Energy & Resources

Trumped up gains

How Sinopec profited from Putin and Trump


Sinopec can thank him

The invasion of Ukraine is creating unprecedented strains in the European market for natural gas, where countries like Germany, Austria and Hungary are coming under huge pressure to reduce their imports from Russia.

“Buying Russian oil and gas is financing war crimes. Dear EU friends, pull the plug. Don’t be an accomplice,” the Lithuanian foreign minister urged on Sunday, after his country called a complete halt on gas purchases from Russia.

Other buyers are seeing opportunity amid the tension, with a report in Bloomberg this week that China’s leading importers of liquefied natural gas (LNG) are trying to purchase additional shipments from Russia.

Russian LNG is trading at a discount of more than 10% to normal North Asia shipments on the spot market on concerns about potential sanctions or reputational damage in committing to Russian deliveries. Chinese firms have emerged as some of the only companies ready to take that risk, the news agency claims.

Other Chinese energy producers have been profiting from the situation in a different way, however, in a story that goes back to 2018, when Donald Trump was ramping up the pressure on the Chinese government with trade tariffs. A partial truce was struck between the two governments that year when Beijing agreed to buy more American exports, with both sides settling on energy as one of the less politically contentious candidates.

Thanks to the shale gas revolution, the US has been the world’s biggest natural gas producer since 2013, while China’s northeastern provinces have often suffered from LNG shortages, especially in the winter.  So the two countries signed off on a slew of energy agreements, including a 20-year deal in which Chinese firms such as Sinopec undertook to buy more LNG from American producers. Most of the financial details in these agreements have stayed undisclosed. But a trading unit of Sinopec’s called Unipec has just made a hefty profit from the deal to buy the American LNG by reselling at least three of its LNG cargoes for delivery to ports in Europe this summer.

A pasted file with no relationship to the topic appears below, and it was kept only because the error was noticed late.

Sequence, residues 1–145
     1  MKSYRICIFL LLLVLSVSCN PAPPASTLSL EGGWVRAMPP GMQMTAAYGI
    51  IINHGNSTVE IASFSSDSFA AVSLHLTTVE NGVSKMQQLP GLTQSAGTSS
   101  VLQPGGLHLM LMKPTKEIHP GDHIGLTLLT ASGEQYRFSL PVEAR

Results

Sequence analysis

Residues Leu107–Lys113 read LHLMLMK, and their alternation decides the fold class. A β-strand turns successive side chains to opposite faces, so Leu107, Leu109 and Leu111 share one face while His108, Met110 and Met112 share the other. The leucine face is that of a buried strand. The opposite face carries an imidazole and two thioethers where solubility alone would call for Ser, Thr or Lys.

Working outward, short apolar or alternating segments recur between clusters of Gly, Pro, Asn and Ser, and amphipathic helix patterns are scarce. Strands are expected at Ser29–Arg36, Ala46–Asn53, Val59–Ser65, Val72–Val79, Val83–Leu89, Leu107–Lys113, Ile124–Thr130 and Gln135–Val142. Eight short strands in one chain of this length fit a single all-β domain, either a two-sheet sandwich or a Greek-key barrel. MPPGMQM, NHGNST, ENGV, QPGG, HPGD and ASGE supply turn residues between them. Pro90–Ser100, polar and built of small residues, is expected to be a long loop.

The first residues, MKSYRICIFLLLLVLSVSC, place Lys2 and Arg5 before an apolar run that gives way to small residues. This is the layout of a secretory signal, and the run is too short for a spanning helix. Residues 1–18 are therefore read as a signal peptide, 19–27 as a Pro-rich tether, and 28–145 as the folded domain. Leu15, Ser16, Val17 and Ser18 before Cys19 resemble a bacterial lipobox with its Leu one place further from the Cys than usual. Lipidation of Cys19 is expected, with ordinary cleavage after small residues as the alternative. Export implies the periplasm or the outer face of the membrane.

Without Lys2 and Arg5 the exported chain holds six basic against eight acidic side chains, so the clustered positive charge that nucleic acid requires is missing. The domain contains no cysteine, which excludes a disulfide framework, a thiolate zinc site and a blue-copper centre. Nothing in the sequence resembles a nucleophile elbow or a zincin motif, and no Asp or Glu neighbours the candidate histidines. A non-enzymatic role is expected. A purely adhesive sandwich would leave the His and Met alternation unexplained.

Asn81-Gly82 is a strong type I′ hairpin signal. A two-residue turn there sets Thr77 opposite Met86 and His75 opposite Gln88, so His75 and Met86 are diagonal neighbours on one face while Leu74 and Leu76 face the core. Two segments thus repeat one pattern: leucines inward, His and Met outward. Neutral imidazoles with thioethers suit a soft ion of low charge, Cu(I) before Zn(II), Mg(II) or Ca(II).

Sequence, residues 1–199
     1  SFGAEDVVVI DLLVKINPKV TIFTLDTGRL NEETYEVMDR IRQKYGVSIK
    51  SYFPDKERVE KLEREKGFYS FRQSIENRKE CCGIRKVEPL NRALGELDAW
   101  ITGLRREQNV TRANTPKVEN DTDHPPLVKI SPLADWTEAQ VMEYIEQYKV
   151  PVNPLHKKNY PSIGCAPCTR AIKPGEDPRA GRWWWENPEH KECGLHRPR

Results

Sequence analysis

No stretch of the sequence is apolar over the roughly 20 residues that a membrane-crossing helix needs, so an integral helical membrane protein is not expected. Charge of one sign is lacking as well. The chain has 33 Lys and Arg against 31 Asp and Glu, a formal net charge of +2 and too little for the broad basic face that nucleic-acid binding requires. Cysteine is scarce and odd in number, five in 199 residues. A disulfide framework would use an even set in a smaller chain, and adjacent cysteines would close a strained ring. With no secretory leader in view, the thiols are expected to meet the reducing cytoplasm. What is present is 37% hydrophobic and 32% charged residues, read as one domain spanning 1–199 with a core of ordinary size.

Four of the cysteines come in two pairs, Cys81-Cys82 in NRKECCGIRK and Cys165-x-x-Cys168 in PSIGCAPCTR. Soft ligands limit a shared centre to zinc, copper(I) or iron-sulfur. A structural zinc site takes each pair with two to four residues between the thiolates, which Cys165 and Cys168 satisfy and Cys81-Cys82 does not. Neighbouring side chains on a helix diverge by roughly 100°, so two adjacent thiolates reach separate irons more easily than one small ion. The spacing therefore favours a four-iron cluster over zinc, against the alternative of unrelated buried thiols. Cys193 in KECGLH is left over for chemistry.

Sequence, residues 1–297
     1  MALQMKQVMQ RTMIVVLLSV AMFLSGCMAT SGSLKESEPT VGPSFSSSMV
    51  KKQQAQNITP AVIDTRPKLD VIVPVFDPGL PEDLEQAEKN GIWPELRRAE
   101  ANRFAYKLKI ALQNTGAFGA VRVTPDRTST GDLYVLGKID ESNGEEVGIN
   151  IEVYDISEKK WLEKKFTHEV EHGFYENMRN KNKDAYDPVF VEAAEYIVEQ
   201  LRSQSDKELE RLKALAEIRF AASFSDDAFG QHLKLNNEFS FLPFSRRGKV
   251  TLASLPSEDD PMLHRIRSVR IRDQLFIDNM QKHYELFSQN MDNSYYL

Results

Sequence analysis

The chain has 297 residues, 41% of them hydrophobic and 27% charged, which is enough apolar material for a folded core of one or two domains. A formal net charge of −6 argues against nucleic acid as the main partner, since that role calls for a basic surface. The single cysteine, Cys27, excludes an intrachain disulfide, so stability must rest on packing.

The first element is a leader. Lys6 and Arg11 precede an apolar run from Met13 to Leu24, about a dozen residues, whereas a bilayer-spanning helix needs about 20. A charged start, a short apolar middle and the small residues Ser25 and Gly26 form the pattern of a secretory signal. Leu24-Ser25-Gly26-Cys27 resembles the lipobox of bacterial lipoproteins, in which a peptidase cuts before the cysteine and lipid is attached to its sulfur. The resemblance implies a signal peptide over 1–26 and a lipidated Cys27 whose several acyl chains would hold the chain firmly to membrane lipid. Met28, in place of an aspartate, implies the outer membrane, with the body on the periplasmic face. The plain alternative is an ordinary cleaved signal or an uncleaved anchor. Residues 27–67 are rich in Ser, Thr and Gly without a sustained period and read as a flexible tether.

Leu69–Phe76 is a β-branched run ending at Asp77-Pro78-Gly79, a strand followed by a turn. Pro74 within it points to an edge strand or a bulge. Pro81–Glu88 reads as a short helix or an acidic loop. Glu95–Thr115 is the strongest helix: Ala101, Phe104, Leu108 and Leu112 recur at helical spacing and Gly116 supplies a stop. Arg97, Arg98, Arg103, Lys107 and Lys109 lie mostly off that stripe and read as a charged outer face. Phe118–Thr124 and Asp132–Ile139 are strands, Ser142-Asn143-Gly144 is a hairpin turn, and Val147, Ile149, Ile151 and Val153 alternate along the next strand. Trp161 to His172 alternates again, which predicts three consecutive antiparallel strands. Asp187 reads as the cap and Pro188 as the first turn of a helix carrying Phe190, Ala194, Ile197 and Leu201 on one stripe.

The LNG sales soon became the most-discussed energy market news in Chinese social media. European natural gas rates have surged to record highs, because of the military conflict in Ukraine. In early March, LNG was trading at $3,800 per 1,000 cubic metres in the European futures market, according to a widely-followed WeChat blog that spurred much of the social media debate on the story. Meanwhile spot prices were hovering above $2,400. This compared with Sinopec’s contract costs for the American gas that were (at most) about $400, the blog reckoned, given that Chinese firms had been buying Russian LNG for about $350 in contracts signed at a similar time. Hence the three cargoes of LNG from Louisiana have cost Sinopec about $240 million (before shipping expenses, admittedly, which have been soaring) but it is estimated by the same blogger they could have been sold in Europe for more than $1 billion.

Similar cross-Atlantic trade by   Chinese firms might occur more if European countries choose to buy alternative LNG imports to boycott Russia. Indeed, energy data provider Platts reported in January that Unipec had issued tenders to sell up to 45 LNG cargoes from February to October into northwestern Europe.

Of course, the trading window could still slam shut as the political situation changes. As tensions grow over how to respond to the conflict, the Chinese may choose to reduce their own purchases from Russia, for instance, perhaps in response to the threat of potential sanctions from Western governments.

In that event, supply from American producers is going to be looked at differently again in what could become an even more complex equation.

But for the time being, Chinese firms like Sinopec are happy to make the most of the situation by locking in some unexpected profits on a deal that its government probably wasn’t too excited about signing in the first place. “China has always been an LNG importer. It would have been unimaginable for us previously to take on such a trading role,” the aforementioned blogger concluded. “We owe a big thank you to the pressure from the US.”

Or more specifically Donald Trump…

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